The Foolishness of Eulogies – Part 2


If you’ve read my previous post on this subject, you know that I have learned to tell people how I feel about them while I can. Not putting off until later when there might be “a better time”. From that perspective, I came to the conclusion that eulogies were foolish. But I have always tried to maintain an open mind on things. Which is a good thing.

A good thing especially in light of the fact I unexpectedly lost my best friend last week. I am oh so glad she knew how much I loved her. How much I admired her. How much she has enriched my life. She was my friend, my mentor, the big sister I never had, my partner in explorations both temporal and intellectual. My poor husband couldn’t figure out how we could spend as much time together as we did and yet still be able to talk on the phone each evening for never less than half an hour, often for well over an hour. In many ways we were kindred spirits who were just so relieved and happy to find someone else who valued what we did, loved life and the wonders around us as much as we did, who got it.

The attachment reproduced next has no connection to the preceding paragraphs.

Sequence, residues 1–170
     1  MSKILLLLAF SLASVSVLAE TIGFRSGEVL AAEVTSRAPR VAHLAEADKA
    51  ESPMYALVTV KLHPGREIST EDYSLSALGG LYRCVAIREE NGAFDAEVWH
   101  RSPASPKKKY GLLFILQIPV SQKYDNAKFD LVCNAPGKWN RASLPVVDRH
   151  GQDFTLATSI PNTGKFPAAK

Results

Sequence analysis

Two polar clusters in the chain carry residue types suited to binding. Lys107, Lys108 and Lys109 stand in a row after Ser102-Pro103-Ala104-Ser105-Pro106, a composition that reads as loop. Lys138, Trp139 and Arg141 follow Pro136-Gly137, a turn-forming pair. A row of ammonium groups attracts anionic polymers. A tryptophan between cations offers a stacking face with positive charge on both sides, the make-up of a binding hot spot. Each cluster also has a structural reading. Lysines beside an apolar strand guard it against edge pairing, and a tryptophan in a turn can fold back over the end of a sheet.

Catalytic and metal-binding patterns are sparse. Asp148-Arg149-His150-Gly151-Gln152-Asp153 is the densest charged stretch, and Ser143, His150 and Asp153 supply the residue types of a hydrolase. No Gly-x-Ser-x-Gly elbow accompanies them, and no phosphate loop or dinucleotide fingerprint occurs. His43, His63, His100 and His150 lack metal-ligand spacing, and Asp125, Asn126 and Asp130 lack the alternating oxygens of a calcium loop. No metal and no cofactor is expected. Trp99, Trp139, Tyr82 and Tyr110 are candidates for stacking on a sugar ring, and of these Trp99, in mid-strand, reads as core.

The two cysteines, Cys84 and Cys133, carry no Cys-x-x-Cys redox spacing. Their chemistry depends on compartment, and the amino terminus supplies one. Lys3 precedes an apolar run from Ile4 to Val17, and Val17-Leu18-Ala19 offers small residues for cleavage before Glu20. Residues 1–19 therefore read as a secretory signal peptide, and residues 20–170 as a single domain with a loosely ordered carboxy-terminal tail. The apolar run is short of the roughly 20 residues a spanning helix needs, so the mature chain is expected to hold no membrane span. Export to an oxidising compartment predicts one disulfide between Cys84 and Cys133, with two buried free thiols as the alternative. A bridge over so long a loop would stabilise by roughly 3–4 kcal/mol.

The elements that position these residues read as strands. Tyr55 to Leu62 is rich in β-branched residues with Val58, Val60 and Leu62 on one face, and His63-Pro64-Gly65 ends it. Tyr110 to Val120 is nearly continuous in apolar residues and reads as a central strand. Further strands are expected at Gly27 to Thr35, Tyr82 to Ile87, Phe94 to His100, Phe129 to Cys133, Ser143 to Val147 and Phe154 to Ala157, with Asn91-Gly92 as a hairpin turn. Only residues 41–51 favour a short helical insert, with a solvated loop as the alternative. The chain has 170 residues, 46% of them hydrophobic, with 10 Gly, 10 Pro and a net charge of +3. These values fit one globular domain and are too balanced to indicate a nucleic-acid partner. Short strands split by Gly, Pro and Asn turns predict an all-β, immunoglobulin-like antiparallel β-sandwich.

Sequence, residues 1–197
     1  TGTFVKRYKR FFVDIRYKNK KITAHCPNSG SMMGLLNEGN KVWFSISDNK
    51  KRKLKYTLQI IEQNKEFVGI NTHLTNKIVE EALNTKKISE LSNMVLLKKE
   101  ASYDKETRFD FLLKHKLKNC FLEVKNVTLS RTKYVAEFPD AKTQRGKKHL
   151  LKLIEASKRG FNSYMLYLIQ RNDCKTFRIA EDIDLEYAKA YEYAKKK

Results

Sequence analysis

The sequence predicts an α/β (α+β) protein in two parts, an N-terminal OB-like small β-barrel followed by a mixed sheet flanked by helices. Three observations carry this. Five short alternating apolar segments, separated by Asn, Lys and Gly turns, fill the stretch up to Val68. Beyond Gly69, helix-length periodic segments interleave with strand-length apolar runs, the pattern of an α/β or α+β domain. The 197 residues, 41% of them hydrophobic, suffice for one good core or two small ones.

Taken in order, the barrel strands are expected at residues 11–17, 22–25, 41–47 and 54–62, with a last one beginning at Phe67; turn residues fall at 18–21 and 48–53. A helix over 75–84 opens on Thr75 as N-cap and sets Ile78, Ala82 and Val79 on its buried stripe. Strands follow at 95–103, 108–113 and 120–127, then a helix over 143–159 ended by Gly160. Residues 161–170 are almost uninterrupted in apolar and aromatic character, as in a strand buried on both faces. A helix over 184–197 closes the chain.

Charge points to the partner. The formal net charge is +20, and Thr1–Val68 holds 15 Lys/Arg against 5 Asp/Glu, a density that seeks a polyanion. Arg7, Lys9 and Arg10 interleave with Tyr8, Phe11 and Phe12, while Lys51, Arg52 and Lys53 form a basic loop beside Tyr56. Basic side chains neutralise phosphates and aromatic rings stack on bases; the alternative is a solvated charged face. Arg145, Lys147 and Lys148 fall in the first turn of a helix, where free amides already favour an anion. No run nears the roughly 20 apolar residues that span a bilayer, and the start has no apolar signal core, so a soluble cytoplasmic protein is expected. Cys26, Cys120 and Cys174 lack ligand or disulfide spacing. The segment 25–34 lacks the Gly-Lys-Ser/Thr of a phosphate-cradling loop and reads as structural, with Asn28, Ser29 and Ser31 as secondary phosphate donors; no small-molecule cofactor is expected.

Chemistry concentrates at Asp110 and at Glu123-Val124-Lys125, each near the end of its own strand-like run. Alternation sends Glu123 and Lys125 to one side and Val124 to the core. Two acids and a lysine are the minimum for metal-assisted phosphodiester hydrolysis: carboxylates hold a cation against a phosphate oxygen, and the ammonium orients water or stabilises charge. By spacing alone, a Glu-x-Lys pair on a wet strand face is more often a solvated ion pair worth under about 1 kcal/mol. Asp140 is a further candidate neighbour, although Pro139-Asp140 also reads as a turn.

I thought eulogies were foolish but I’ve had a change of heart. I am driven to speak of her to others. To let others know what a wonderful, wise, kind, giving, loving, gentle soul we have lost. If they didn’t know her, to let them know what a treasure they missed. If they did know her, to enlighten them as to the additional dimensions of her they probably missed.

JoyAnna Singer was a woman who had the kindest heart in the world. A person who had gone through many trials and tribulations. A person who often was less than totally confident and who was very aware of her weaknesses and failures, yet was able to maintain an open and loving attitude to everyone around her. If you missed the chance to know her, you missed a true humane, human who was well worth the admiration and faith she inspired in me. If you knew her… I hope you know what we’ve lost and will miss her as much as I do. There is a huge hole in my life right now that hurts more than I could have imagined. But I am oh so very grateful to have had her in it because she enriched my life enormously. She helped me be a better person.

So I hereby change my stance on eulogies. They may not do the person who has passed any good, but those of us left behind need them. We need to be able to share our love and appreciation, vent our grief. Eulogies help us to move through our grief.

I sincerely hope that The Great Spirit, God, Allah, the Void, whatever you choose to call that Force in the Universe that is greater than ourselves, will grant her joy, serenity, peace, great rewards for the richness she gave the world in her own way. Have fun exploring, JoyAnna! The Motherducker will carry on and see to it that your ducks are cared for and that Miss 70% (Her favorite duck) has a safe, happy home for the rest of her quacked life!

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